This answer would not have been possible without Matt L.'s answer, as well as some out of band communication with nibot.

Let's see one way to derive the formula for computing the average that is given in the question.

Starting from a set of numbers $\{x_n\}$, we have the definition of the average up to the $n$th sample: $$ a_n = \frac{1}{n}\sum_{j=1}^n x_j = \frac{1}{n}s_n,$$ and $s_n$ is the sum of all samples up to $n$. Now, $s_n$ can be defined recursively: $$ s_n=s_{n-1}+x_n,$$ and given that $na_n=s_n$, we have: $$ a_n=\frac{n-1}{n}a_{n-1}+\frac{x_n}{n}.$$ And we have the averaging formula from the question.

Now we want to basically perform this averaging operation again on the $a_n$ samples. So we just repeat the same formula, but now for the averages of $a_n$.

$$d_n = \frac{n-1}{n}d_{n-1}+\frac{a_n}{n},$$ $$d_n = \frac{n-1}{n}d_{n-1}+\frac{n-1}{n^2}a_{n-1}+\frac{x_n}{n^2}, $$

but we can replace $a_{n-1}$ in terms of $d_{n-1}$ and $d_{n-2}$.

$$d_n = \frac{n-1}{n}d_{n-1}+\frac{n-1}{n^2}\left[(n-1)d_{n-1}-(n-2)d_{n-2}\right]+\frac{x_n}{n^2}, $$

and finally after simplification

$$d_n =\frac{(2n-1)(n-1)}{n^2}d_{n-1}-\frac{(n-1)(n-2)}{n^2}d_{n-2}+\frac{x_n}{n^2}.$$

Now this set of numbers is equivalent to "averaging the averages" and only requires two stored values!

Below I plot a signal which is random noise where the RMS is 20 times the mean value. I also show the first and second order averages.

demonstration of second order average

As one can see, the second order average takes longer to approach the true mean value, but it has smaller fluctuations relative to the mean.

The fluctuations get smaller as more and more samples are recorded, so it has the added benefit that the time scale of the effective low-pass filter is always increasing. If this were a simple low pass filter with a fixed pole frequency, then at some point we would be throwing away information from very old samples. This filter uses information from all samples, regardless of how old they are.

Finally, I think this recipe can be repeated and the average can be done to any order.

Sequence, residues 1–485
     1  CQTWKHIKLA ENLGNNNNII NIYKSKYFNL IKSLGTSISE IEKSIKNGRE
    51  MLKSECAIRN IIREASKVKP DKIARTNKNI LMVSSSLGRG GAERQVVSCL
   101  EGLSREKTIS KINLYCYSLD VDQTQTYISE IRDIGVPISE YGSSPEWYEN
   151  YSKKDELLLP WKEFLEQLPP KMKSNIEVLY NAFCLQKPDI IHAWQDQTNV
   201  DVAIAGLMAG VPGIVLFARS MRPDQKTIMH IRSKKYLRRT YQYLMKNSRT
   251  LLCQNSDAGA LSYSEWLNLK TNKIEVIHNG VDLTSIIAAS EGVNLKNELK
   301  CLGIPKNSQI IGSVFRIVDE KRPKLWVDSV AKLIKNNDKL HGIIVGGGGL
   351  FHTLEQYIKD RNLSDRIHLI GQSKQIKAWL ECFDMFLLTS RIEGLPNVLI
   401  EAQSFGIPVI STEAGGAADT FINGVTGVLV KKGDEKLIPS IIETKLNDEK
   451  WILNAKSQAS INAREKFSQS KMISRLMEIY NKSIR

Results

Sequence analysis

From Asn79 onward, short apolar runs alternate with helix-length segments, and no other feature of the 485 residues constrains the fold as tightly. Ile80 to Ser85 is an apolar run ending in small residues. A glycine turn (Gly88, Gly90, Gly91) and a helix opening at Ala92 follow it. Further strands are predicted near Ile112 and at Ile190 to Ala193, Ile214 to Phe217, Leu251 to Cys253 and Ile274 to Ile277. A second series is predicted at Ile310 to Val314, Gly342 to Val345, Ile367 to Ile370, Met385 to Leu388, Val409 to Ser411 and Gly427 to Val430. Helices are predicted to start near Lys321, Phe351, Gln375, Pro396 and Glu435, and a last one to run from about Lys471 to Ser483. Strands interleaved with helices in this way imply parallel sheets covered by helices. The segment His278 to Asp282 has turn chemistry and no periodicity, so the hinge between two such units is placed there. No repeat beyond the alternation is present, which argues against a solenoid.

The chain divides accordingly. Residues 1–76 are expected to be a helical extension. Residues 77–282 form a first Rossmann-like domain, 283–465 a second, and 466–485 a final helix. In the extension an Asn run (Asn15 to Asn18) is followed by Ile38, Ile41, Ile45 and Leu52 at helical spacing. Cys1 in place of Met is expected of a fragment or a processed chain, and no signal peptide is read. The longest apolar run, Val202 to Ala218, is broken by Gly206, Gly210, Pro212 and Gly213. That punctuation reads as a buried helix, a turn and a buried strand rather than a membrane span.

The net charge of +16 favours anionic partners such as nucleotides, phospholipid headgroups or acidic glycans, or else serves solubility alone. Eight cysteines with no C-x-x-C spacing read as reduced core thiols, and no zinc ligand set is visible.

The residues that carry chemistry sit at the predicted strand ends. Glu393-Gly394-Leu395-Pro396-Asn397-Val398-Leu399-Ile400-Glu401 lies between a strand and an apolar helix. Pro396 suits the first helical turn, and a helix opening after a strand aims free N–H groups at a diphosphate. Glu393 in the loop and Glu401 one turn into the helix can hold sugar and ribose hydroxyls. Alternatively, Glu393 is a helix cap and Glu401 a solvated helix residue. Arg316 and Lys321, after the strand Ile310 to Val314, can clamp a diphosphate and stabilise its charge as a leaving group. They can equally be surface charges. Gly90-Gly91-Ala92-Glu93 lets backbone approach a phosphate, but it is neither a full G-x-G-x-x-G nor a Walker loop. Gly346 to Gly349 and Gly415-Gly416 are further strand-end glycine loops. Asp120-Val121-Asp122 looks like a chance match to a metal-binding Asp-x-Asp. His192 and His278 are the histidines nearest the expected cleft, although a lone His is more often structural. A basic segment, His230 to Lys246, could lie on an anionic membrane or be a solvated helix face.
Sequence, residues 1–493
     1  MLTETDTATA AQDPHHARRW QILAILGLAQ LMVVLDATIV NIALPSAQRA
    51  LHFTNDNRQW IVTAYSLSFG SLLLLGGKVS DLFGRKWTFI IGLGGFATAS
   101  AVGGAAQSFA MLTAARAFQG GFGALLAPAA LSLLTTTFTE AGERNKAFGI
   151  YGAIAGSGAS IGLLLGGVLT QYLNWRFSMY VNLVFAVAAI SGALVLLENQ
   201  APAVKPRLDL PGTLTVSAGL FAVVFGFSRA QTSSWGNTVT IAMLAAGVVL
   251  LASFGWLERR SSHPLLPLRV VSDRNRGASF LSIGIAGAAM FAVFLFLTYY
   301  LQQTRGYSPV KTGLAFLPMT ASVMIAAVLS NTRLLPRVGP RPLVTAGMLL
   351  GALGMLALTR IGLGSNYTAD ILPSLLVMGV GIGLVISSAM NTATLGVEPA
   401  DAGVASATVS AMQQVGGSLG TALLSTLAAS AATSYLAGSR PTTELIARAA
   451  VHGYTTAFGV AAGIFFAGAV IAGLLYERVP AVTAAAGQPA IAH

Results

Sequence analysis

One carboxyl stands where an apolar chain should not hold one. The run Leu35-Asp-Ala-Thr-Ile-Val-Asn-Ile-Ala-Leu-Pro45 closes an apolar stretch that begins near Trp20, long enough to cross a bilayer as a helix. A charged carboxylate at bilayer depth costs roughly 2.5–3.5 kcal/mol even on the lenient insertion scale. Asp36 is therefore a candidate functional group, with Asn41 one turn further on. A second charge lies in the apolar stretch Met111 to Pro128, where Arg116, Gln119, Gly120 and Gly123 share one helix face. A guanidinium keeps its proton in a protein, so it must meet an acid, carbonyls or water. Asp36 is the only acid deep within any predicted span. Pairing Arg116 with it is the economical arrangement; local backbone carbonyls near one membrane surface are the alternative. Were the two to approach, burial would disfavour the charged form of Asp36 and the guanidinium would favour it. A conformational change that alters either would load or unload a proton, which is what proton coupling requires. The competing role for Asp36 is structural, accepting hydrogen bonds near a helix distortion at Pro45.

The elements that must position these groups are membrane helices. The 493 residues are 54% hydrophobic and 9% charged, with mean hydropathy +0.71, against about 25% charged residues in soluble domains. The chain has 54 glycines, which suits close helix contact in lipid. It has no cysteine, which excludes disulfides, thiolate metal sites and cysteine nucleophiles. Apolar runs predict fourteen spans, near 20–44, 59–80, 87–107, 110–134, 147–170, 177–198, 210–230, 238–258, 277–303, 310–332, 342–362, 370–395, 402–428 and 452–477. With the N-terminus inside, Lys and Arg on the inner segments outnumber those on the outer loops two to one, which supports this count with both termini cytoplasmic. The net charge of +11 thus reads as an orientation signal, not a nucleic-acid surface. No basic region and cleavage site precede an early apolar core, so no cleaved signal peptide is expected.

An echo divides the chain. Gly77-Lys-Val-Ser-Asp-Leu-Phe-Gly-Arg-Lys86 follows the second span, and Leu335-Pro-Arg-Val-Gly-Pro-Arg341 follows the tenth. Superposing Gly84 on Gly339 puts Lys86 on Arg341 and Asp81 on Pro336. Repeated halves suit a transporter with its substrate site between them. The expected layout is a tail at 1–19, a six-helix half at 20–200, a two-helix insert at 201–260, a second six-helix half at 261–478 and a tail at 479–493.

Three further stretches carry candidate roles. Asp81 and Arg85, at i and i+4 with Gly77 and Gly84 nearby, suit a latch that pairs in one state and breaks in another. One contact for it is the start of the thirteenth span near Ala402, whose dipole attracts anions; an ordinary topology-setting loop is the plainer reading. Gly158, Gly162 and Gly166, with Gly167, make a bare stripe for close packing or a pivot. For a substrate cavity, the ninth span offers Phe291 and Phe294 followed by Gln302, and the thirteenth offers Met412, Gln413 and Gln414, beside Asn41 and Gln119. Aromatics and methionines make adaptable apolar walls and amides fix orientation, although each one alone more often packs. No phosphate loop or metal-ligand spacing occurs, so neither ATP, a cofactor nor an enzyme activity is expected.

Yes, you can do a second-order low-pass filter without using lots of memory. The key is to use the fact that convolution is a linear operation. You want to do the following: $$ y(t) = (x(t)*f_1(t))*f_2(t) $$ where $f_1(t)$ and $f_2(t)$ are your two moving average filters of unknown a priori width. If we use the associative property of linearity we can do the following: $$ y(t) = (x(t)*f_1(t))*f_2(t) = x(t)*(f_1(t)*f_2(t)) $$ You create a new filter by convolving the two averaging filters, and then using that composite filter to filter your data.

  • $\begingroup$ "Associative property of convolution" I suppose. $\endgroup$
    – Matt L.
    Mar 26, 2014 at 21:06
  • $\begingroup$ @MattL. It is my understanding that linearity implies associativity. Is this not the case? $\endgroup$
    – Jim Clay
    Mar 26, 2014 at 21:50
  • $\begingroup$ When I read your answer, I was sure that you actually meant to say "associative property of convolution", because it is always some type of binary operation that is either associative or not, and you used the associativity of convolution. I think we cannot talk about the 'associative property of linearity', because 'linearity' is no binary operation. I didn't mean to be nit-picky, but maybe I was ... But anyway, your question is interesting (as to the relation between linearity and associativity) and I must admit that I have no satisfactory answer to it. $\endgroup$
    – Matt L.
    Mar 27, 2014 at 11:33
  • $\begingroup$ Linearity is for maps between vector spaces (or more abstractly, modules). The answer turns out to be yes, and you can find details in the general case in a book on category theory, probably like The Joy of Cats by Adamek et al. $\endgroup$
    – Batman
    Mar 27, 2014 at 19:29